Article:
For this bird feeder you're going to save up some salad dressing or ketchup bottles. Make sure you clean them out with some dish soap and let them drip dry for a couple of days. Keep the caps, scrape off the labels, etc. (You know you have to do selective
So here's the bottle. (I'll apologize now for the blurry pictures. My good camera broke a while back and all I have is a point and shoot and I'm going to blame the camera for blurriness up close rather than my shaky hands.)
Now, you'll need a craft knife. You want to make and X shape incision about an inch from the bottom. You are making an opening for a small diameter dowel (3/8ths of an inch or close). After you make the X, do that on the other side of the bottle as well. Then make straight cuts from point to point until you have a diamond shaped hole on either side. Also make narrow cuts on the bottom of the bottle. You want a way for moisture to drain out of the bottle (one of my mistakes on the milk jug feeder).
Now make triangular holes randomly around the sides of the bottle. These will be where the birds get the seeds out while sitting on the dowel. I know it seems scary to let Cub Scouts use a knife, however, if the blades are sharp, they will cut through easily without using a lot of pressure. It's when blades are dull and you try to use a lot of force that slipping/cutting yourself happens. Make sure you explain safety to the Scouts beforehand and have plenty of adults on hand to help, or have the Scouts do this step one at a time so you can monitor them.
I didn't want to put seed in the very bottom where the birds can't get at it, so I stuffed cotton balls in the bottom up to the level of the holes where the dowel will go through. Bunched up cheesecloth would also work and allow moisture to drain down while still keeping the seed up where the birds can get it.
Originally, I used an 8 inch to 12 inch long piece of wooden dowel, but then looking at it, I decided to shorten the dowel to about 6 inches long. Only small light birds will be able to get on there and that should be okay for this feeder. Bigger birds tend to need stouter branches or feed on the ground anyway.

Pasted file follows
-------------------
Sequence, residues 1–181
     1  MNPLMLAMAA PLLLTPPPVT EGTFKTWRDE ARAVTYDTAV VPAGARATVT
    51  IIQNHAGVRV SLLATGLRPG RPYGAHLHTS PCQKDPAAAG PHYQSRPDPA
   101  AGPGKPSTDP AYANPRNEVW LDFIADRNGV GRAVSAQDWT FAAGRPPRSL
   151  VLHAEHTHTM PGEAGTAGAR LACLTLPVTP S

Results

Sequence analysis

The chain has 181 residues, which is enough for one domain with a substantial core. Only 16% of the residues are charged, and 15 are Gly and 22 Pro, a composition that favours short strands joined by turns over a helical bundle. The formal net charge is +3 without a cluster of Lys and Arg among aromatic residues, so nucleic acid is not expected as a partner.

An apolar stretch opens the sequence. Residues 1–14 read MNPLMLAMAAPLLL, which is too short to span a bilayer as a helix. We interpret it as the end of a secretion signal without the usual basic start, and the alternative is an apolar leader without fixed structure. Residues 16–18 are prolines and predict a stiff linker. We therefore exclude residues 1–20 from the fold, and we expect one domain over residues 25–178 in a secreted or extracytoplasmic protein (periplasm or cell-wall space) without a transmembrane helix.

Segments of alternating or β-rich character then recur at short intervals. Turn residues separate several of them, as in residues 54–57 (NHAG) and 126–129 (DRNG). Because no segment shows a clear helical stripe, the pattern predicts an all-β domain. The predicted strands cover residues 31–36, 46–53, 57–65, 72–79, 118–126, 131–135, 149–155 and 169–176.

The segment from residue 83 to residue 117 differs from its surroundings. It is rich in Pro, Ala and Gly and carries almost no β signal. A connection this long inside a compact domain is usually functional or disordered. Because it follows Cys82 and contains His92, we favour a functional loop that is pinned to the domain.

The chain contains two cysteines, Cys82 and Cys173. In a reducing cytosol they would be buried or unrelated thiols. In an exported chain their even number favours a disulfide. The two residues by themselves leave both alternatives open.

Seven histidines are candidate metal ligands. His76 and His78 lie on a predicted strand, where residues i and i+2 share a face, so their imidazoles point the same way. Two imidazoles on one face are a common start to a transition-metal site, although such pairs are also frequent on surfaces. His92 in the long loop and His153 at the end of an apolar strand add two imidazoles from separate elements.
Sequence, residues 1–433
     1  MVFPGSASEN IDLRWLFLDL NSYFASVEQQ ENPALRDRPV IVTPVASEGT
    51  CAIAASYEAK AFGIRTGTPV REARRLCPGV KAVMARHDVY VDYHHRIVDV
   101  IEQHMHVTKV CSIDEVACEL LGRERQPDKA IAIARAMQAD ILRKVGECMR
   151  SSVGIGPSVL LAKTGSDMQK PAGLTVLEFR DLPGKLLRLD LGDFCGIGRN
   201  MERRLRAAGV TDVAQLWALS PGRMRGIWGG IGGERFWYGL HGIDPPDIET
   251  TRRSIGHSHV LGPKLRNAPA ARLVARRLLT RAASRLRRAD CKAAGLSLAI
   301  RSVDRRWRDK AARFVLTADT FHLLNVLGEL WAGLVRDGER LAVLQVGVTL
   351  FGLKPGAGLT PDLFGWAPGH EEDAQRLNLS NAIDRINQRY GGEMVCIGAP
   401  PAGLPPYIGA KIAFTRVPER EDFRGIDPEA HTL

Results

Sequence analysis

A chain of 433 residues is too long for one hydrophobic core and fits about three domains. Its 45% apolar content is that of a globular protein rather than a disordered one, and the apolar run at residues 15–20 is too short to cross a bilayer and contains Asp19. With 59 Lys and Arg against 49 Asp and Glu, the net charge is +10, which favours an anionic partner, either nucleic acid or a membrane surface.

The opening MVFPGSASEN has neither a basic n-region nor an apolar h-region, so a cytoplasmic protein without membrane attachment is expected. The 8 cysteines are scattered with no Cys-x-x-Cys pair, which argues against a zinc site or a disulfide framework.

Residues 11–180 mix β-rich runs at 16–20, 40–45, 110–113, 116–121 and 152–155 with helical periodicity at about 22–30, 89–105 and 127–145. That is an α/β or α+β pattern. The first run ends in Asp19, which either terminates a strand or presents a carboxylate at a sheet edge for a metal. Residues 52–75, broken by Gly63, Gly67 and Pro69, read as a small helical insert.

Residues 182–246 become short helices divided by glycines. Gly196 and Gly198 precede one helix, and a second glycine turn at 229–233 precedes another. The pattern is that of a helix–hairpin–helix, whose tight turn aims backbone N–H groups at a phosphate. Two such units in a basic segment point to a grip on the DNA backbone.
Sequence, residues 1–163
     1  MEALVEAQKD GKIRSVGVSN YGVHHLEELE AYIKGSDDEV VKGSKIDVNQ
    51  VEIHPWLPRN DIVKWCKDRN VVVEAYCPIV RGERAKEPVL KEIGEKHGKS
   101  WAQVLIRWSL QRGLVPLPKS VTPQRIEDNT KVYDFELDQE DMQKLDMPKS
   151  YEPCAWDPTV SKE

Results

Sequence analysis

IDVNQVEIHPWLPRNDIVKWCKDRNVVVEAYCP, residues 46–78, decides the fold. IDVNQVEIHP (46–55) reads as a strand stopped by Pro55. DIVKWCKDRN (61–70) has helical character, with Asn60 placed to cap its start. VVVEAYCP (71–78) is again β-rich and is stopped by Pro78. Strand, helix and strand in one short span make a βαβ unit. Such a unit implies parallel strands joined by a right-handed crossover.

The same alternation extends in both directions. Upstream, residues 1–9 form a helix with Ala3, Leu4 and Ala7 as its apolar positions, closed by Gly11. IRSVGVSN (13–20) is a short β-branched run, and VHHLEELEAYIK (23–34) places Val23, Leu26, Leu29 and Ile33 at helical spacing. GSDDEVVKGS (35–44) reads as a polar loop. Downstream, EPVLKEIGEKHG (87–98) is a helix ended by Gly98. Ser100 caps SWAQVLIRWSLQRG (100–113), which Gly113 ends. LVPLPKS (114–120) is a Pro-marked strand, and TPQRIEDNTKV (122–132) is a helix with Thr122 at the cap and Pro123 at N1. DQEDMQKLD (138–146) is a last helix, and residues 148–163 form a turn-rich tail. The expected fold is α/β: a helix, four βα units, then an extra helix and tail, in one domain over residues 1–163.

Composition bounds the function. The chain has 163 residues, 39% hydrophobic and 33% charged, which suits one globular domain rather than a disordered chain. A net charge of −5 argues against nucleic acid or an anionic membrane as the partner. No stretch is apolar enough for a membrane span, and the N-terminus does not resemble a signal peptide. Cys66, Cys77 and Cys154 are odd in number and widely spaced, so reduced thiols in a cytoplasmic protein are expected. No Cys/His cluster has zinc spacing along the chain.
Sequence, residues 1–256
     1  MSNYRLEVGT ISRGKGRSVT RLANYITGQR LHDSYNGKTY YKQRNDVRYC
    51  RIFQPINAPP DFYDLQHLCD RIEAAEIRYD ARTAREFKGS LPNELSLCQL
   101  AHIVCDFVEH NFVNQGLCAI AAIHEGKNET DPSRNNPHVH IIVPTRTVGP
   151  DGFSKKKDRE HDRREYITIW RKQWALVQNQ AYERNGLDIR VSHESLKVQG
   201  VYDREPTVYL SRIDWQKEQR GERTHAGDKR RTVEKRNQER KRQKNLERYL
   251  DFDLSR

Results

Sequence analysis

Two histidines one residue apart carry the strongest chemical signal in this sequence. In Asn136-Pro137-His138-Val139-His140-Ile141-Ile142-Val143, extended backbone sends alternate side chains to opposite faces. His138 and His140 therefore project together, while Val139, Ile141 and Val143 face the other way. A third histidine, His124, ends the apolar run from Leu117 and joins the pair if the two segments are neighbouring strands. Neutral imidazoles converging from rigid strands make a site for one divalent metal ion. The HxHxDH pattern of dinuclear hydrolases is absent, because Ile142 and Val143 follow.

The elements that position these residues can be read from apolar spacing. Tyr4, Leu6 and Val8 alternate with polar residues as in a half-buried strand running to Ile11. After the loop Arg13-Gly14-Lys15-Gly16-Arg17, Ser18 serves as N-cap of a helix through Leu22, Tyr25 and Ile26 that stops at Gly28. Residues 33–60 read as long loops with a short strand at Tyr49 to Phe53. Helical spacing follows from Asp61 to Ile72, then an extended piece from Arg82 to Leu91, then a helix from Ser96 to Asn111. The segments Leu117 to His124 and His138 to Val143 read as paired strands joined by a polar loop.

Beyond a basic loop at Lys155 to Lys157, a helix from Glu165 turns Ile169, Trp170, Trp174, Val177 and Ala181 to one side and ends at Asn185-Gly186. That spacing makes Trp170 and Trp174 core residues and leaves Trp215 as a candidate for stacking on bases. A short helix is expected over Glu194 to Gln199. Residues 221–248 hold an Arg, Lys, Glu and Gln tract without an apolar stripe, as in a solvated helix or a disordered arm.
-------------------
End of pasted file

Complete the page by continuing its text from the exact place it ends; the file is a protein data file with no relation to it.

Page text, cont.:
So now, how to hang the bottle up. I tried using a punch tool to knock a hole in the cap so I could thread some string through like I did with the milk jug feeder, but apparently the salad dressing caps are made of more brittle plastic, and I broke the silly thing in half. Oops. I would suggest using a small nail to punch the hole or make a hole using a drill with a small diameter bit. The Cubs can use a hammer and nail, but they are NOT allowed to used power tools, so if you use a drill, you'll need to do it yourself or recruit a responsible adult to do this part. The Scouts can thread a length of string through the hole in the cap and tie a big old knot on the under side of the cap. Screw the cap on after putting in the seed and the feeder will hang on the string coming up through the cap.
Fortunately, these particular bottles I gathered have a narrow part just under the cap that make tying the string around it just perfect. This could be a good opportunity to teach the Scouts a slip knot for the bottle neck and another knot to tie the bottle to a tree branch or some other place where birds can use the feeder. Try to find a place to hang it where cats aren't likely to ambush birds coming to the feeder.
Use a funnel to help you get the seeds in and you're done! Be sure to check out books about feeding birds that hang around your area in the winter time and find out what kind of food they like. You'll have more chance of drawing birds to your feeder that way. Your local library or Department of Natural Resources can be a great place to find such information. Have fun!